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News and notes from around town:
• Well, the speculation we reported yesterday that Dillons hopes to open its new store near 17th and Mass. by mid-August appears to be correct.
But here’s a twist for you: The store is requesting to use a grassy lot along New Hampshire for “overflow parking” for the first couple of weeks of the store’s operations.
Dillons has filed for a special event permit at City Hall related to its grand opening of the new store. The permit lists the dates as Aug. 12 through Aug. 26 (Note:This is different than what we reported earlier. Dillons submitted a revised requests with new dates.) But the store also is seeking city approval to use the vacant lot that currently is just east of the Kwik Shop store at 19th and Mass. The grassy lot would be used to park employee and vendor vehicles during the first couple of weeks of the store’s opening.
According to the city planner who is reviewing the application, Dillons intends for the overflow parking strictly to be a temporary matter. The company is planning to overstock the store with staff members during the grand opening period, and several vendors are expected to be on site as well. The larger-than-usual number of employees that will be at the store created concern that there wouldn't be enough room for customers to park in the main lot.
As we noted yesterday, Dillons did receive a city variance to have a smaller than normal parking lot for its new store. The city allowed the lot to be about 20 spaces smaller than what city code called for.
Neighbors who live near the empty lot at the corner of 19th and New Hampshire may want to get used to more activity there anyway. Kwik Shop, which is owned by Dillons, has filed plans at City Hall to build a larger convenience store at 19th and Mass. Much of the new store would extend eastward toward New Hampshire Street onto the empty lot. Plans for that larger Kwik Shop are still under review at City Hall.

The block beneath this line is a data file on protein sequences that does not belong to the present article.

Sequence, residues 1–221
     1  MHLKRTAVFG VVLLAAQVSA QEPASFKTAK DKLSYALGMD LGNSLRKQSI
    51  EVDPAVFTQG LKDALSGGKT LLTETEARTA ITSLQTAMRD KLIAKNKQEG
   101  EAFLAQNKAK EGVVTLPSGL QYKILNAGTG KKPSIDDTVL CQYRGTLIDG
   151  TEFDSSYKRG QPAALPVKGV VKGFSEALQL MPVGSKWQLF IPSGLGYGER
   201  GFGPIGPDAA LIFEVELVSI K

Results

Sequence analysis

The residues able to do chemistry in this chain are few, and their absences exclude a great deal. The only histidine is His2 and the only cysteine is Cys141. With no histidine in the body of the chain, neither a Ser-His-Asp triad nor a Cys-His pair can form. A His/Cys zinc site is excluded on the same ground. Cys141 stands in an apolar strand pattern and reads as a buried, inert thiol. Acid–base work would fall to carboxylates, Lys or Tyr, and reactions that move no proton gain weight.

As for the special event permit, city commissioners will have to approve the idea of overflow parking. That issue could be heard by the commission as soon as next week.
• Perhaps it is all this talk of parking a vehicle in a grassy lot, but my Bubba radar is starting to chirp. Or perhaps it is this awe-inspiring combination: a pawn shop next to a barbecue joint.
Yes indeed, such sweet synergy is coming to South Iowa Street. Former Jayhawk Pawn and Jewelry employee Jeff Neal has filed the necessary paperwork to open Sunflower Pawn and Jewelry at 2429 Iowa. That will put the store next to Biggs BBQ.
My understanding is Neal is finishing some interior work on the store and will open soon. But Neal didn’t want to provide any other details about the store at the moment.
The pawn business is an interesting one to follow right now. There are plenty of people in need of some quick cash, and gold jewelry — long a staple of pawn shops — has exploded in value. Heck, for that matter, firearms — another frequent pawn item — have done pretty well too. Whatever it is, business appears to be good in Lawrence. Jayhawk Pawn and Jewelry, as we previously reported, undertook a major expansion of its shop at 1804 W. Sixth St.
As for the new business on South Iowa Street, I’ll have to check it out. Just think: Peruse used tools, firearms and guitars, then take a few steps down the shopping center and get filled up on pulled pork and baked beans. If that doesn’t sound like a date night, I don’t know what does.
• You know what will start showing up in pawn shops here in another month or so? Partially used swallowing swords. It seems like they always start to show up shortly after the Busker Fest has left downtown Lawrence. I guess some folks find that, although it is definitely a hobby with a point, it just isn’t quite right for them.
All this is to say that the Busker Fest indeed is coming back to downtown Lawrence for its fifth year. The event is set for Aug. 24 through Aug. 26. It looks like there will be five stages up and running during most of the three-day event, which attracts a host of unique street performers to downtown.
This year it looks like there will be, among others, some aerial artists, fire dancers, jugglers, contortionists and a performer who produces something called “human organic music.”
City commissioners at their meeting this afternoon (special start time of 3 p.m.) are scheduled to approve the closure of the 100 blocks of East Eighth Street and East 10th Street for stage areas, and also the sidewalk area and parking stalls in front of the U.S. Bank Tower at 900 Mass.
I’m not sure the Buskers will even make a presentation at today’s City Commission meeting, but I’ll be there, and — trust me — I’ll be keeping an ear out for “human organic music.”